£2bn effort to hand stealth fighter pilots advantage in the skies
Latest radar technology aims to see the enemy without being seen. Howard Mustoe reports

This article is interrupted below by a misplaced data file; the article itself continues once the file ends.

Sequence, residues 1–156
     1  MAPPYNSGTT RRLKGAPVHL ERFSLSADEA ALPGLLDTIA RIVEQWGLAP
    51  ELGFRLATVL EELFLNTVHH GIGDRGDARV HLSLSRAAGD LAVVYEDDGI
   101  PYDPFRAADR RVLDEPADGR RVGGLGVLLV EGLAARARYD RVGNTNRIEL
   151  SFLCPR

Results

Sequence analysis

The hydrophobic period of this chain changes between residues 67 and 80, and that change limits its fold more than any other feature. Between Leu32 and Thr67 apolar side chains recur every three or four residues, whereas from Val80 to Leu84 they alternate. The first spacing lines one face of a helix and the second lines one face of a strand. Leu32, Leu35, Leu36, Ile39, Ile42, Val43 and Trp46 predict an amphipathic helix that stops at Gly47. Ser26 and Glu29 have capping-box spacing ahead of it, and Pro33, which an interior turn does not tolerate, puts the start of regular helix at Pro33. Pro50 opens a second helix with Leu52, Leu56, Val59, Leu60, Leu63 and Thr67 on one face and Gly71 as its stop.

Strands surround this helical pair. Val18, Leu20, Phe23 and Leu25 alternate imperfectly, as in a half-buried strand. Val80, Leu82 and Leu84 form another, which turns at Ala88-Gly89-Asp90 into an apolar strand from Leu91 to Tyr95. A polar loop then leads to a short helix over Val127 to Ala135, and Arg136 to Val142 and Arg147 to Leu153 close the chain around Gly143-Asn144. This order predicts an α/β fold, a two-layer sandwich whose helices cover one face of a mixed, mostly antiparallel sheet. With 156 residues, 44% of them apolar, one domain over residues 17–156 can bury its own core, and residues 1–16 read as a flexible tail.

Inside a room about the size of a lecture hall on the outskirts of Edinburgh, scientists are putting the latest radar destined for British-made fighter jets through its paces. It is sealed shut with 30-foot high metal doors and with walls lined with foam spikes in order to test the new equipment accurately. This is the testing hall for the European Common Radar System Mk 2, a £2.4bn upgrade to Britain’s jet fighter fleet’s eyes in the sky and a stepping stone to the next generation of radar which will be fitted in the nose of the planned Tempest fighter jet. The site was built by British engineering firm Ferranti in just 18 weeks in 1943 to make gun sights for the Supermarine Spitfire fighter plane, ushering the job out of Manchester which was a target for German bombing raids. It is now run by Italian defence contractor Leonardo after a series of mergers in the defence industry. Its engineers aim to meld radar with various other electronic eyes and artificial intelligence to be able to detect and deal with threats long before a pilot notices them in encounters where every second counts for the next generation of radar, due to be released with the Tempest next-generation fighter in 2035. “The first you’ll know about a threat being dealt with is that it will tell you,” says Andrew Howard, director of major air programmes at Leonardo. Pilots will still be “very much in the loop. But in some circumstances you’re the weakest link in the loop because your capacity to absorb information so you make a decision is seconds that you might not have. In this generation, in certain circumstances, the system will look after you.” Capability like this will only be used defensively, for instance in destroying a missile, he adds. To get there, Leonardo will have to design a system that can manage vast amounts of information – traffic comparable to Edinburgh’s internet usage at any given moment – and use huge processing power to detect missiles, enemy jets and other hardware, determining accurately what they are by using data harvested from previous encounters. The point is also to gather enough information to map a battlefield with as few sorties as possible, from as far away as possible, minimising pilot danger. The challenge is managing the energy it will need, as well as placing sensors on a stealth jet without ruining its stealthy nature. In the meantime, the ECRS Mk2, due to be deployed by the end of the decade, will help pilots prioritise information “based on the sort of fidelity of the data you know, so they’ll do this task because the data is really good”, says Mark Hamilton, managing director electronics UK at Leonardo. Radar development started in the 19th century, but its use became most apparent in the Battle of Britain where it was deployed to detect aircraft from 100 miles away. The basic principle is in sending out a pulse of radio waves and seeing how long they take to bounce back, says Prof David Stupples, a radar expert at the School of Science and Technology of City, University of London. More sophisticated systems can then tell a pilot the height of the target, its speed and how big it is, he says. Since airborne radar was invented, rival military powers have played a game of cat and mouse in trying to hide their planes from radar detection while developing radar to spot their enemies. Stealth planes are generally angular, a quality that can deflect radar pulses at a distance, says Prof Stupples. They are also coated with materials that can absorb radio waves. To detect stealth jets, a number of radar sensors can be deployed at once to reduce the effectiveness of this deflection. The other cat and mouse game is in avoiding being detected yourself when blasting out electromagnetic waves from your own radar, he adds. “For military radars, the holy grail is to have low probability of intercept radar, which means I can see the target with my radar, but the target can’t see my radar,” he says. The latest radars employ grids of antennae in a so-called phased array to build up a picture. Radar development is cloaked in secrecy – the exact parameters of the new radar system will not be made public and the layout of the antenna grid on Leonardo’s latest model is kept from prying eyes. Since the Second World War, radar detection has gone from dozens of miles to hundreds and from detecting and tracking one target to 50 or 60. Adding to that is a suite of cameras and infrared detectors and a broad 110-degree sweep of detection means the system can “see things that we just simply couldn’t have conceived of, even 10 years ago”. The BBC has been using Leonardo’s thermal imaging cameras since 2013 to film animals such as bats at night and the company’s technology has been used in cricket to detect whether a ball has struck bat or batsman in the Decision Review System. “It’ll see more at a further range at a faster speed than a generation ago. So more pilots will survive in more difficult circumstances than would have been the case a generation ago. And you’ll need less aircraft to do dangerous things,” says Howard. For big targets, a fighter jet over Edinburgh should be able to detect a target over London, says Hamilton, making much quicker engagement possible.